However, feeder routes do not generate much farebox revenue. And with VTA struggling to pay for a ludicrously expensive BART subway, it is looking to cut bus service:

Despite a Santa Clara Valley population and jobs boom, ridership on buses and light-rail trains has dropped a staggering 23 percent since 2001, forcing the Valley Transportation Authority to consider its biggest shake-up ever in transit service.

Tough, unpopular decisions loom if the VTA hopes to attract those new passengers, get them to their destinations and improve its dismal 10 percent fare box return, which is the worst in the nation among similar agencies.

At the crux: Is the board willing to cut sparsely used, unprofitable routes that carry a handful of passengers — many of whom have no other means of transportation?

“This is going to take quite a bit of courage,” VTA General Manager Nuria Fernandez said following the release of a 68-page report on bus operations. “Ridership continues to decrease. Our fare box is not getting any better. Clearly we are going to have to make a choice to take a chance or nothing will ever change.”

Currently, about 30 percent of VTA bus service is geared to covering areas where bus rides are vital to the very few riders those lines carry. The two-year, $50,000 report by consultant Jarrett Walker + Associates said if that was lowered to 20 percent or 10 percent and money was redirected to the most heavily used routes, ridership and fare revenues would likely increase.

VTA riders are being given a hobson’s choice. They can choose either a comprehensive network with 30-60 minute headways, or a much more limited network with 5-15 minute headways.

The one choice they aren’t being given is to restore cuts made in bus funding.

In 2002. the VTA provided 1,508,300 revenue-hours of bus service. By 2013, service levels declined to 1,290,216 revenue-hours. The reason for the decline was to pay for very expensive expressway, LRT, and BART projects. The only logical choice is to reduce the highway spending, and to bring BART costs under control, in order to avoid eviscerating the bus network.

vta_graph

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‘On schedule’ was how the Tri-City Voice described the project in August 20, 2010:

According to Bay Area Rapid Transit (BART) spokesperson Linton Johnson, the Warm Springs Extension, 5.4-miles of new BART track from the current Fremont Station to a new station in Warm Springs, Fremont, with an optional station at Irvington is “on schedule and under budget.”

An award of contract is expected in March 2011 with construction lasting from June 2011 to June 2014. Construction costs are estimated at $300M with anticipated funding of $421M. Testing of the BART extension to Warm Springs will begin in April 2014 with live service expected by the end of 2014.

 

And then it got delayed until 2015 (Mercury News):

Q You report that the BART Warm Springs station will open later this year. Wikipedia says early 2016. Can you use your superpowers to find the actual date they plan to be ready?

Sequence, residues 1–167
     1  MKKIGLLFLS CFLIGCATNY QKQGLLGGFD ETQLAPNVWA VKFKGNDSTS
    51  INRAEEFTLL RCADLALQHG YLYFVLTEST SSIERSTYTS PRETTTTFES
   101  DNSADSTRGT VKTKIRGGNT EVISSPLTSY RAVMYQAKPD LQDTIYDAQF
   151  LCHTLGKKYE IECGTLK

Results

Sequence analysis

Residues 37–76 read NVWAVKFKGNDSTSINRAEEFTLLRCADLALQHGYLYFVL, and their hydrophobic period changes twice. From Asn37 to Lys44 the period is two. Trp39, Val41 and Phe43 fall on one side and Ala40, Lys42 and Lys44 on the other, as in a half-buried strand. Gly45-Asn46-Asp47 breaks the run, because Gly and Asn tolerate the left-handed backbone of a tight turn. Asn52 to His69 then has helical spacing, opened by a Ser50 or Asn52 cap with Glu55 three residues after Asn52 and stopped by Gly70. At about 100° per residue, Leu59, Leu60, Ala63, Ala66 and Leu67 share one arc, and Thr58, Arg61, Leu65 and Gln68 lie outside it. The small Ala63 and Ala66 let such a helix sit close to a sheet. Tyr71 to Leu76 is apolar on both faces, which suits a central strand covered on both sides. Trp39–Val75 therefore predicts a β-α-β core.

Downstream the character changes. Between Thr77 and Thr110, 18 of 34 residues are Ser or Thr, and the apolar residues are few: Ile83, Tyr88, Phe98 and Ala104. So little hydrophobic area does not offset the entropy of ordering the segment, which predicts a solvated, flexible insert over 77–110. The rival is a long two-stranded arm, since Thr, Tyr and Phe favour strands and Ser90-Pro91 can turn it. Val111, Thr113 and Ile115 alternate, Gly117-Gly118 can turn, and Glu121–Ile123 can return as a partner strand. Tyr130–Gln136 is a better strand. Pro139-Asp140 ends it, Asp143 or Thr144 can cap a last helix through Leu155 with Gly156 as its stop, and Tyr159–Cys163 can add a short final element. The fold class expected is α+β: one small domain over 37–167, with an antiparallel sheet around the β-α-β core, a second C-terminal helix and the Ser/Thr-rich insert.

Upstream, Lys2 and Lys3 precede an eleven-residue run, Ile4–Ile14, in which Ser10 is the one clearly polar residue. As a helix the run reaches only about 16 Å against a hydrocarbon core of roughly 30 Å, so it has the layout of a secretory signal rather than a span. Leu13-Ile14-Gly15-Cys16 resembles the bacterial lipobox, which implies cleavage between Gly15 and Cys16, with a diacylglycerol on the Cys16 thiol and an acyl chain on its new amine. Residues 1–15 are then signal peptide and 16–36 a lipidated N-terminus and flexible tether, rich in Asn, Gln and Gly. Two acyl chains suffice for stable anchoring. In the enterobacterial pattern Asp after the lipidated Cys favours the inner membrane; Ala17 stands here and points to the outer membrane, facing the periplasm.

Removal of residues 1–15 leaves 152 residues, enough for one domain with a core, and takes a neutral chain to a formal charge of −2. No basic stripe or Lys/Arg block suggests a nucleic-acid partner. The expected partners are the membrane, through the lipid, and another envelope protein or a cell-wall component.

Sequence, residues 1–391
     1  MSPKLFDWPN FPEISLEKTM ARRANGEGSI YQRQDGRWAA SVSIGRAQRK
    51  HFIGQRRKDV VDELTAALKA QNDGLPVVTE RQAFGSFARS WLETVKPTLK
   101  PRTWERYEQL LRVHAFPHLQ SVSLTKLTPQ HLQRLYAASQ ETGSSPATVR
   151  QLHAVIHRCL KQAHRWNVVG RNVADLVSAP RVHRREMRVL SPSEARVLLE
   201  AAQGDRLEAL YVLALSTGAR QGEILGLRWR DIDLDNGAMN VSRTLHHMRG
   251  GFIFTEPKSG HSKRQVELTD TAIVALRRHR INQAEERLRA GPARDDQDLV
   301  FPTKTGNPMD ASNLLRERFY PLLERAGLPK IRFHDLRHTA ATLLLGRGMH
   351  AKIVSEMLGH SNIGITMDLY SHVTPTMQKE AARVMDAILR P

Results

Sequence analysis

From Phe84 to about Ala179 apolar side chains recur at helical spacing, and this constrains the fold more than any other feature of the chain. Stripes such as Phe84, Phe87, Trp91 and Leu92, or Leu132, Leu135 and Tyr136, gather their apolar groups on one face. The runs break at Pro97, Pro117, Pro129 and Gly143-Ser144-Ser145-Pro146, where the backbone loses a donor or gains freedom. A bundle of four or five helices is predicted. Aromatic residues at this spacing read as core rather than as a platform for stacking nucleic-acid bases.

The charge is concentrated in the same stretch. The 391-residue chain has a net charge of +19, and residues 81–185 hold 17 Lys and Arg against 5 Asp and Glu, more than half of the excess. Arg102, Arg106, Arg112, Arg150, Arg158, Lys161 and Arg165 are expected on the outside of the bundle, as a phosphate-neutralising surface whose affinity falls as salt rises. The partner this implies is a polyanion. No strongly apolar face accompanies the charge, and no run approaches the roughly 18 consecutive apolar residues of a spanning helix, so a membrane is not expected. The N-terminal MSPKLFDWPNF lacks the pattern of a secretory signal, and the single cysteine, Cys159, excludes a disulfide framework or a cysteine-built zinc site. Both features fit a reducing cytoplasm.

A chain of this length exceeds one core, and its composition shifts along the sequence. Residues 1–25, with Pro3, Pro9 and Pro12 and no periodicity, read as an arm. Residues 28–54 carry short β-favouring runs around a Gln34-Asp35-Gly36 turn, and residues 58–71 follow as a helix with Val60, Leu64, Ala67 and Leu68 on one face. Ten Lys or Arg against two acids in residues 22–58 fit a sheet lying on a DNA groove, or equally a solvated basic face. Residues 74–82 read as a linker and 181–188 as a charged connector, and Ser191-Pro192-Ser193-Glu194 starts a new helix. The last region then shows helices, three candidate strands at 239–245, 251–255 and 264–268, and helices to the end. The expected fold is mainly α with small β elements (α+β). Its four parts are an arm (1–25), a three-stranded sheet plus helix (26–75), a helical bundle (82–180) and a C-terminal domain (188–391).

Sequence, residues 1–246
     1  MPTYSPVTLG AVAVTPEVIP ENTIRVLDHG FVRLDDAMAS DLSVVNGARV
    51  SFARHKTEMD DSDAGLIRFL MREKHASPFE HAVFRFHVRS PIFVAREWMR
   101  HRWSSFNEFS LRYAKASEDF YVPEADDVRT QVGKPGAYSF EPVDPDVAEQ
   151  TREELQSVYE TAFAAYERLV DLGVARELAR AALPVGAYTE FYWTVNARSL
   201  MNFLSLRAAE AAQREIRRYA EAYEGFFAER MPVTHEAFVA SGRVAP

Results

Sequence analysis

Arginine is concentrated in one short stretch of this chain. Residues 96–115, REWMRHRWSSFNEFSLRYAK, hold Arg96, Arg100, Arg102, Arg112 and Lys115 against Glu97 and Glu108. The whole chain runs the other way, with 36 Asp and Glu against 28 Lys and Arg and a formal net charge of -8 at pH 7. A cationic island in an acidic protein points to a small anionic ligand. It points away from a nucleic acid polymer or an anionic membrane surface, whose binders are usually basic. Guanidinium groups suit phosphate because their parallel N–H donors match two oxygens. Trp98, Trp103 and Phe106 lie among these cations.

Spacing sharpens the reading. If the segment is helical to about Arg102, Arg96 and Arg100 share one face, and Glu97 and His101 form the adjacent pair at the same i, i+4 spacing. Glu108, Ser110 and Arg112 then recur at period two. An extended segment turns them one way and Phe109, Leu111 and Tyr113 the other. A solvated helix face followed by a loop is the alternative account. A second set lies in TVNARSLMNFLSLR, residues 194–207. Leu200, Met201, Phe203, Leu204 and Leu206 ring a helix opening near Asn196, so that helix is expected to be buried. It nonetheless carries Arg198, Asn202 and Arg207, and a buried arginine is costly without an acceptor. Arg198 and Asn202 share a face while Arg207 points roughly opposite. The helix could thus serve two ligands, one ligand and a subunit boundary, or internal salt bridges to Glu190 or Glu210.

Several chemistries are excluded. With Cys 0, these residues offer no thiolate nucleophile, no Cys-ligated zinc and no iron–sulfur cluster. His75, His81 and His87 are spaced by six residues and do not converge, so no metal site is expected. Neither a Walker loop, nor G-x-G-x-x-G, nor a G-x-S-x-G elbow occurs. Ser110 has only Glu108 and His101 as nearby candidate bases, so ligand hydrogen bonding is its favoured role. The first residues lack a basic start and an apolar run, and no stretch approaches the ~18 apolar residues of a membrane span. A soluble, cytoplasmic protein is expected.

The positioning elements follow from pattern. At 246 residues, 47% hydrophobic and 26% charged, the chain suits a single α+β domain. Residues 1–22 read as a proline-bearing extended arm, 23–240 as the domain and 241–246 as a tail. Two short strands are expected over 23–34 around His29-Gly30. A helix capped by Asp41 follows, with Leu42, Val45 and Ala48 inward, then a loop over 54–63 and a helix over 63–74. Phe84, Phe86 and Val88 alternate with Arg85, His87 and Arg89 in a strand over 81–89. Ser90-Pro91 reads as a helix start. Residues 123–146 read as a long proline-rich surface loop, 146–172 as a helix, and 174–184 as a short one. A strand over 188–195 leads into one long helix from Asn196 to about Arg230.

Cliff Gold

Fremont

A BART says late this year [2015] remains the target. They are testing the connections from the main Fremont station to this new station. After that’s done this fall, we should know more.

Delayed again, until 2016 (Mercury News):

With its structure nearly complete and testing of trains in its second month, the Warm Springs/South Fremont Bay Area Rapid Transit Station is expected to go into service this summer [2016], according to BART spokeswoman Molly McArthur.

Last October, the agency delayed opening of the station on Warm Springs Boulevard near South Grimmer Boulevard from later that year to sometime in 2016. Testing of several systems such as communications, train control and traction power were expected to begin that November. However, trains did not begin rolling into the station for testing until January.

It’s kind of like watching grass grow,” McArthur said jokingly.

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APTA has a very, very bad week

The New York MTA says that the situation with APTA is hopeless and wants out:

The country’s largest transit agency is withdrawing from the country’s main transit trade association.

In a letter dated April 8, top executives of New York’s Metropolitan Transportation Authority wrote they were canceling the agency’s membership in the American Public Transportation Association, known as APTA.

APTA is theoretically a league of all American transit agencies. To understand the magnitude of the MTA’s withdrawal, though, it’s worth reiterating the extent to which discussions about public transportation in this country are really discussions about the MTA. In 2015, the MTA accounted for 35 percent of all U.S. transit ridership—an even higher percentage than ten years ago despite substantial transit investments elsewhere in the country. The idea of a transit industry association that doesn’t include the MTA is akin to an OPEC without Saudi Arabia.

Two out three rail trips are in the New York metropolitan area. So without NYMTA participation, APTA is irrelevant on rail transport matters. Not that it ever was — in their very candid and scathing letter, the MTA states that “the knowledge transfer and technical assistance front is even more robust both nationally and internationally” with other organizations:

Knowledge transfer and collaborative activities with these organizations, especially the LUL in London, Network-Rail in the UK and RATP and RER in Paris, provide support and assistance to the MTA and its transit operating agencies not found through APTA.

This blog has frequently criticized APTA, in particular for wanting to adopt FRA-style safety rules on metros and light-rail. If MTA’s exit reduces the influence of APTA, then that can only be a good thing, as it would open the door to badly needed reforms in the transit industry.